The Resurrection is about “spaces”

The Resurrection is about “spaces”

Once again, Easter is upon us. For Christians, the Risen Jesus provides the sure hope that justice, mercy and love are stronger than evil and death. Christians share this Good News to the whole world, even to non-Christians, especially those who are suffering and at the brink of despair. But the hope that the Resurrection brings does not take us away from our world and our time. On the contrary, hope opens our eyes to realities of daily life but from a changed perspective. I am inviting you to consider two points.

First, the Gospel of St. Matthew chapter 28 recounts that immediately after the Resurrection of Jesus, the soldiers guarding the tomb were given a large sum of money by Jesus’ accusers so that they could spread the news that the disciples of Jesus had stolen his body. The truth of the Resurrection of Jesus was betrayed and denied in exchange for money. This mode of acting sadly continues in our world. Hope in Jesus is forcibly discredited by offers of other sources of security and hope that money could buy. But this only leads to greed, corruption, manipulation and further despair. It inflicts death on others, especially on those who are already marginalized. This Easter we declare once again: no amount of money or power or honor could make us deny that Jesus is Risen and that He is our hope!

Secondly, in all the Gospels, the tomb where Jesus had been buried was found empty three days later. But we need to look at the accounts carefully. The tomb did not have the dead body of Jesus any longer. The tomb has been emptied of a corpse. But the tomb became the space for divine illumination and for angels proclaiming the good news of the Resurrection. The tomb is not empty after all. It is now the space of God to spread light and life. It is the space where the women received a mission to tell the disciples that the victory over evil and death had been won by Jesus. The Resurrection is about the “spaces” God offers to us to live our mission. Ordinary daily life offers many such “spaces” in our homes, alleys, barangays, schools, buses, jeepneys, markets, offices, cellphones, social media as well as in our minds, emotions, and consciences. Let the Risen Jesus empty them of death and fill them with light, love and mission. Only then can we be joyful and hopeful bearers of hope rather than servants of gloom and despair.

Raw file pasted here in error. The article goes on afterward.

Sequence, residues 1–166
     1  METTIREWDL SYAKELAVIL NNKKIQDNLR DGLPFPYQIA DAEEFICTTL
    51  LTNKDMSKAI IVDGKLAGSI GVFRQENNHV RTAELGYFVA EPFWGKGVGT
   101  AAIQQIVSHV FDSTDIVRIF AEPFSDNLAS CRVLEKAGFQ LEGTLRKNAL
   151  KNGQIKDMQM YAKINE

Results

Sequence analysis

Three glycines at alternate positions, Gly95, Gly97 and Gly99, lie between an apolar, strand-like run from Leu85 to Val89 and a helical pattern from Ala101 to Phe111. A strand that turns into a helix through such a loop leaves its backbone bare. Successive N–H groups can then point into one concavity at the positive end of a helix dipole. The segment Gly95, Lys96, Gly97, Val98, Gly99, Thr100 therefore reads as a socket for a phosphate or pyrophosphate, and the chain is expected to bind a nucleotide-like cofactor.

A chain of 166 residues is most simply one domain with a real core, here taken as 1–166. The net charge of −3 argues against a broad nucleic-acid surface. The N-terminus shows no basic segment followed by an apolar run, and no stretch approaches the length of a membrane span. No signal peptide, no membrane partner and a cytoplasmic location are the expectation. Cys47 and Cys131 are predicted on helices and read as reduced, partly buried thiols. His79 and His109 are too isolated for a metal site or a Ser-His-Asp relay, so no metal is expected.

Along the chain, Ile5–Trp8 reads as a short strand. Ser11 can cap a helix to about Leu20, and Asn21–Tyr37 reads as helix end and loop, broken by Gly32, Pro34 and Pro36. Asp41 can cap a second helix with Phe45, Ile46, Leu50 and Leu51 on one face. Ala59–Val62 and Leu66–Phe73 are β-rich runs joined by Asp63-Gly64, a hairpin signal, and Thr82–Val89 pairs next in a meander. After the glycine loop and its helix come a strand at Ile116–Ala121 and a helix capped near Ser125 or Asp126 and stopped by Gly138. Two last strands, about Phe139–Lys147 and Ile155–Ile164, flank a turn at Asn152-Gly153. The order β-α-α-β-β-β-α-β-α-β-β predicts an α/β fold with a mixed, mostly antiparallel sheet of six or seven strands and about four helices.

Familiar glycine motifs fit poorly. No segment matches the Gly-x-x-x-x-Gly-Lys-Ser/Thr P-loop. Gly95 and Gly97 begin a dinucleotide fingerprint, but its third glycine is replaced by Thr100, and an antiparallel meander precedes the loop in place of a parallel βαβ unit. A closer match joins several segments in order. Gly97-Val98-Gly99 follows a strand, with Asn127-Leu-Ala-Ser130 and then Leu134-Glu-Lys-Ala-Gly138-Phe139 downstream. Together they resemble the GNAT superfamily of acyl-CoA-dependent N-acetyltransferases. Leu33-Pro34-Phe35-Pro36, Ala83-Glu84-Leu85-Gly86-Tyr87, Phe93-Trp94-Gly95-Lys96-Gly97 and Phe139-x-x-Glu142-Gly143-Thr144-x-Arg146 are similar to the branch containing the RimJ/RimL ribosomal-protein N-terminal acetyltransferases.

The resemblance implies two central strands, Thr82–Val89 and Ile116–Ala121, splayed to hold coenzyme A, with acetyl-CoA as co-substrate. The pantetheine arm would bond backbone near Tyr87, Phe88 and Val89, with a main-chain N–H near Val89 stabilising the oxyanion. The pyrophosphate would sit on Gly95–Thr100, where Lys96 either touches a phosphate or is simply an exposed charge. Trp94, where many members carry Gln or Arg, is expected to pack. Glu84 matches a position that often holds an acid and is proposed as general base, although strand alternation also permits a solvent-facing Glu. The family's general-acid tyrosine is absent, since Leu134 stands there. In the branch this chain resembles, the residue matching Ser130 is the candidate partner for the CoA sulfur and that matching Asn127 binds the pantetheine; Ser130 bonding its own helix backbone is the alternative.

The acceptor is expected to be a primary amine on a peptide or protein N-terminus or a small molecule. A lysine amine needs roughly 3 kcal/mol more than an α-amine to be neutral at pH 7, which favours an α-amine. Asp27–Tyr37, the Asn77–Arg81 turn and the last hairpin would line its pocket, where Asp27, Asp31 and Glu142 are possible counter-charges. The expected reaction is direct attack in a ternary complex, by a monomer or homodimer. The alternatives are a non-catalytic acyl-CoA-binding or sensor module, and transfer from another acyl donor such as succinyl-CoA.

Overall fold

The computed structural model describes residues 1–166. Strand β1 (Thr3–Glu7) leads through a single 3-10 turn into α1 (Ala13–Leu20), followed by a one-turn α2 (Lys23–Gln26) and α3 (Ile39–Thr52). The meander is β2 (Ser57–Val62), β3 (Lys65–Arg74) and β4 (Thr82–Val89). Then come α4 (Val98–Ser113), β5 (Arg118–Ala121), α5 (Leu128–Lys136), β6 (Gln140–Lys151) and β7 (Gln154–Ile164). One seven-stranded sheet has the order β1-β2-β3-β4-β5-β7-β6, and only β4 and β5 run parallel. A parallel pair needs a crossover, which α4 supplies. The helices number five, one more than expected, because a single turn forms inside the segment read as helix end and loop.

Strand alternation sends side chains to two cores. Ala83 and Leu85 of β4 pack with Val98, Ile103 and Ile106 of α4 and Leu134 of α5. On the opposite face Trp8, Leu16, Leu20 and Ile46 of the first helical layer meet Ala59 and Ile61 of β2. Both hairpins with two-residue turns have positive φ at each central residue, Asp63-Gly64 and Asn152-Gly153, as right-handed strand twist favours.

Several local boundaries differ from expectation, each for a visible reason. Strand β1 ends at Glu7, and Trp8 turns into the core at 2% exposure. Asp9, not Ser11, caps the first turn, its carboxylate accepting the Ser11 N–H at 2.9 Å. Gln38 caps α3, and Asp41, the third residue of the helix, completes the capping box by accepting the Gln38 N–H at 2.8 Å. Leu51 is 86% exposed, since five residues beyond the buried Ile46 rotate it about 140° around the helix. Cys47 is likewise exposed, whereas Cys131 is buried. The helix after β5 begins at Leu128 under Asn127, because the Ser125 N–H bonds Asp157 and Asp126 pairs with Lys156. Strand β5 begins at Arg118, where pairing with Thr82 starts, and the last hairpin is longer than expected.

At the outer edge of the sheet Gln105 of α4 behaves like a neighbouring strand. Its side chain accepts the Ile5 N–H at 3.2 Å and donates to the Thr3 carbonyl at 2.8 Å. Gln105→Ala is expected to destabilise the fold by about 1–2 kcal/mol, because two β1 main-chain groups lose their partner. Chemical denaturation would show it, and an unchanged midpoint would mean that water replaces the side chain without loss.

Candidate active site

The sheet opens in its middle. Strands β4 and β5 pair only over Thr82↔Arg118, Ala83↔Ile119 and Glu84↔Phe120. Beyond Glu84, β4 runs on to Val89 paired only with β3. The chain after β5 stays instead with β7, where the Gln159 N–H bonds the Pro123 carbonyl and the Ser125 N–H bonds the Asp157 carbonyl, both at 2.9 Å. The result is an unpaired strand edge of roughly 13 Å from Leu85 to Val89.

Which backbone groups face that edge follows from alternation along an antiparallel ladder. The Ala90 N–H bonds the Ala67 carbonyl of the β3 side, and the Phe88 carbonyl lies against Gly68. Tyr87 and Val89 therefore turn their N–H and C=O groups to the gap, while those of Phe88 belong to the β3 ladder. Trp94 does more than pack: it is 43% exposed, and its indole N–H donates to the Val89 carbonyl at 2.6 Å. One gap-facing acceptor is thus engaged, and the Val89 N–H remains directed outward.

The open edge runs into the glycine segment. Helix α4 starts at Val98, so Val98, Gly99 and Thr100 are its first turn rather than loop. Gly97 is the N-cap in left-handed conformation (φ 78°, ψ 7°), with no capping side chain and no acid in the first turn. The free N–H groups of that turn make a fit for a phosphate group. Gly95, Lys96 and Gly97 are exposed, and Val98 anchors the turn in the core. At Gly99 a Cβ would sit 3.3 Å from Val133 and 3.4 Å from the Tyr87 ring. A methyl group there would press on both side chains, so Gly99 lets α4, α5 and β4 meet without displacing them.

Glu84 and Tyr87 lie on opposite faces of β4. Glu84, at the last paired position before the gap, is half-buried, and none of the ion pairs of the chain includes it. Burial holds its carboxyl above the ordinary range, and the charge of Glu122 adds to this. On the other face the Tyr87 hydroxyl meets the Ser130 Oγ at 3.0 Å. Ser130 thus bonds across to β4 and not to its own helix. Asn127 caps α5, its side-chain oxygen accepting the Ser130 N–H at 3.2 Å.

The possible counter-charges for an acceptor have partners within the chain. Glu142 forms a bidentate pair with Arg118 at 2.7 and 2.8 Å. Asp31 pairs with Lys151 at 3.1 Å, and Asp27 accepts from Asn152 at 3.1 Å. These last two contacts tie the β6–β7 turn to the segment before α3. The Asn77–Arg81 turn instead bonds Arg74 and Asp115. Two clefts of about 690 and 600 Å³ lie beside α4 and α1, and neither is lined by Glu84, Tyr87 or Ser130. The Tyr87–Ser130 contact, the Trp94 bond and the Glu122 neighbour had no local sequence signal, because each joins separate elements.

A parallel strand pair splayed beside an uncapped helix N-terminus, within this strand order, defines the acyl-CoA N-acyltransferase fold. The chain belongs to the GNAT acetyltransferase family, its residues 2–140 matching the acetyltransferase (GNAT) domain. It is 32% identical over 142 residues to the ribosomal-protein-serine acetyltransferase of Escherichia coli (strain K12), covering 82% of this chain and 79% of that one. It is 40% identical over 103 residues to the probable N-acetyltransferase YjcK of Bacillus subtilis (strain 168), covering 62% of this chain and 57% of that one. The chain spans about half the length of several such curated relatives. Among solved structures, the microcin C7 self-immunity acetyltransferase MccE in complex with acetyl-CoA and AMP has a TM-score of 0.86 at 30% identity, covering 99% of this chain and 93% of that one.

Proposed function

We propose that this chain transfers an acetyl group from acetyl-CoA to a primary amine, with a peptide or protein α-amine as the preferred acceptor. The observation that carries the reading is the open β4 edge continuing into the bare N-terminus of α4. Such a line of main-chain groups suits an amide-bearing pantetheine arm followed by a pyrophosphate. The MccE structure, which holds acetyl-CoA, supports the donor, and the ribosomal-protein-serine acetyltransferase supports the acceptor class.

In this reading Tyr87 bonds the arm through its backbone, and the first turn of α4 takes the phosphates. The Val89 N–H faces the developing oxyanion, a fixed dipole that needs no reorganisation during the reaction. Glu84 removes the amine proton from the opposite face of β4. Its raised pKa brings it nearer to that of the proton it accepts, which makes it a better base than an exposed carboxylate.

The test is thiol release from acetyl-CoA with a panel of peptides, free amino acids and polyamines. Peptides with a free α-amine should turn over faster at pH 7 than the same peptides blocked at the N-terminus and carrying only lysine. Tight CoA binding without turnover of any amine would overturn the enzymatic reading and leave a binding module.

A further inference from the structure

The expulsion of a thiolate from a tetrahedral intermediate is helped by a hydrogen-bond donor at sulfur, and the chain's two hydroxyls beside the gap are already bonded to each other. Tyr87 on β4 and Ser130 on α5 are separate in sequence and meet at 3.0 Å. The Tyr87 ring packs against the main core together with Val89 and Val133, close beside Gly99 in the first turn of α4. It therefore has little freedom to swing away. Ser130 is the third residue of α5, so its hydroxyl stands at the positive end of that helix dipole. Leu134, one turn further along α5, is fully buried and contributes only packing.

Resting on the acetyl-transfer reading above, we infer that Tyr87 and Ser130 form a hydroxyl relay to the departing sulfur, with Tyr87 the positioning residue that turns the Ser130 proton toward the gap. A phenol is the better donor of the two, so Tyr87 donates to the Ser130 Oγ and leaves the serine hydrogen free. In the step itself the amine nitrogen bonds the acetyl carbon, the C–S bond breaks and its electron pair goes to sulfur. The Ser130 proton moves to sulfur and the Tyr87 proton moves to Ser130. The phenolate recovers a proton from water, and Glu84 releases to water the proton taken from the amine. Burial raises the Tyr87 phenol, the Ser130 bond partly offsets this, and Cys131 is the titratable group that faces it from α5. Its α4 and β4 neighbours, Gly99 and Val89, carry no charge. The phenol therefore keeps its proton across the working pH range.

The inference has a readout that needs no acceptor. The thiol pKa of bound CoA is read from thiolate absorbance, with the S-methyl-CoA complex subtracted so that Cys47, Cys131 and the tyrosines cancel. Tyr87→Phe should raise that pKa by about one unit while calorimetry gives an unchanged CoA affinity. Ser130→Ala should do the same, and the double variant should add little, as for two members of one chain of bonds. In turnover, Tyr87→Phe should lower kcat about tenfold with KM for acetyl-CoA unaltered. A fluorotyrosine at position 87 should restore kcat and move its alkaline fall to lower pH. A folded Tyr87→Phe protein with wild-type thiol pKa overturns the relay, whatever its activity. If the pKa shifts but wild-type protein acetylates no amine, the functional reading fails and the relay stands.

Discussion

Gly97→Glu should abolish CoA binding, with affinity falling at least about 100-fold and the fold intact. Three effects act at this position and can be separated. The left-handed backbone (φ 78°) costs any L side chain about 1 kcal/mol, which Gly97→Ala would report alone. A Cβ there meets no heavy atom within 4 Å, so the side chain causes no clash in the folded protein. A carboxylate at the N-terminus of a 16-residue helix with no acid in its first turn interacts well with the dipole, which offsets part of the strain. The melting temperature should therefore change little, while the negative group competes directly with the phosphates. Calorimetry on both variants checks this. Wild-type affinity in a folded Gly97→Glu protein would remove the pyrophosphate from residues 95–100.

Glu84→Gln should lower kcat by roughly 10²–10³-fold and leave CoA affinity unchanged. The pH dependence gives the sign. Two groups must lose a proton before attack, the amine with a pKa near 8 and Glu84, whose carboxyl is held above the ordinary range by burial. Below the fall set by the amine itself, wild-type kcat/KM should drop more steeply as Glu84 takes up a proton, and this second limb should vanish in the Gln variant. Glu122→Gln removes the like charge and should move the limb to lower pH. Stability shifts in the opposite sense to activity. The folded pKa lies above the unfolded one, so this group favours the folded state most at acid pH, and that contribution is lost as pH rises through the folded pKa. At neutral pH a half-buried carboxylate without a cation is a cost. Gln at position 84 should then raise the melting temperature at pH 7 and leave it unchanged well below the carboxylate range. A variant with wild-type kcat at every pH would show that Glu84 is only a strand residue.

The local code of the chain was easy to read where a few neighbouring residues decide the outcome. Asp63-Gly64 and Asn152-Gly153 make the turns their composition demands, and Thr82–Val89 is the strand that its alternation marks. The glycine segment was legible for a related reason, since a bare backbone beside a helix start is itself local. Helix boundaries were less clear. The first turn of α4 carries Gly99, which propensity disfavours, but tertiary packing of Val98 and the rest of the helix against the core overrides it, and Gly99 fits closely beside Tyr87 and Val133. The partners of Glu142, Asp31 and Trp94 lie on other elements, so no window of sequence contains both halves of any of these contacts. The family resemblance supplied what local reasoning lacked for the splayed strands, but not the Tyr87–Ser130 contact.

A Blessed Easter to you! May Blessed Mary, our Mother of Hope show us the face of her Risen Son!


+ Luis Antonio G. Cardinal Tagle
Archbishop of Manila